It’s ironic that being a parent was what made law school easier for Ruth Bader Ginsburg. For a woman in 1950s America, motherhood was held out as the reason that she shouldn’t even have been there.
“I think my life was more balanced,” says Justice Ginsburg of her years as a student at Harvard and Columbia law schools. “I was less apprehensive than my classmates because there was something going on that was more important, frankly, than the law.”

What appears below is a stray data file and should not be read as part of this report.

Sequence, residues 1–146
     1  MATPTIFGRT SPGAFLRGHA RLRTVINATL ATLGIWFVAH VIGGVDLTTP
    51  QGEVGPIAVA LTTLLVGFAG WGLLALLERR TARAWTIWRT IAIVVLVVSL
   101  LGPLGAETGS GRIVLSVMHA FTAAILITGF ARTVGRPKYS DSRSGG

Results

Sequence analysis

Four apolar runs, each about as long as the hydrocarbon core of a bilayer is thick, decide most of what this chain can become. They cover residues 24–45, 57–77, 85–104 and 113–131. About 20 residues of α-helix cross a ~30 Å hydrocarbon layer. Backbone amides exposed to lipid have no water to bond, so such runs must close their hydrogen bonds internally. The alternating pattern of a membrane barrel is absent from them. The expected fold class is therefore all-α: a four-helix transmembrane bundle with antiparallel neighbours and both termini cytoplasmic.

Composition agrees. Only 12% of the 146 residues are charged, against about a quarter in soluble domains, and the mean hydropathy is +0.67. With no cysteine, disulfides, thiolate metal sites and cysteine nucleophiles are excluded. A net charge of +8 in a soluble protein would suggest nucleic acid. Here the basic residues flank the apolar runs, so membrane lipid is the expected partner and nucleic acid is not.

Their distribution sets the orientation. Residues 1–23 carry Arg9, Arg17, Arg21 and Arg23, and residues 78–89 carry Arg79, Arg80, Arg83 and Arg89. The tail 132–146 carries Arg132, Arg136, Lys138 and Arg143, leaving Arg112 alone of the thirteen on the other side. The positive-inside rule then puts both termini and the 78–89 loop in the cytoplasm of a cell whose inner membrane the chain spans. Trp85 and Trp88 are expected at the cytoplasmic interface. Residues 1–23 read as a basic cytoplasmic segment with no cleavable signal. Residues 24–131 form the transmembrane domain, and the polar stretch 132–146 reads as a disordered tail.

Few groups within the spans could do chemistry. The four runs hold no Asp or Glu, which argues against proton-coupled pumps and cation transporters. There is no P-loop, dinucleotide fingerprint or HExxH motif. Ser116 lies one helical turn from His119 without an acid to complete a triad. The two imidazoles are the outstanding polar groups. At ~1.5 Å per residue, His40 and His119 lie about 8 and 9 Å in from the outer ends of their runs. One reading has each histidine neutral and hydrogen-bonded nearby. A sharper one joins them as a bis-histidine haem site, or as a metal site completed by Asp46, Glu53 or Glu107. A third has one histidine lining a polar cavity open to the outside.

In an interview at the U.S. Supreme Court in August, Justice Ginsburg talked about her career as a lawyer and judge; about marriage to her late husband, Martin; and about the changes that women have seen in law and parenthood.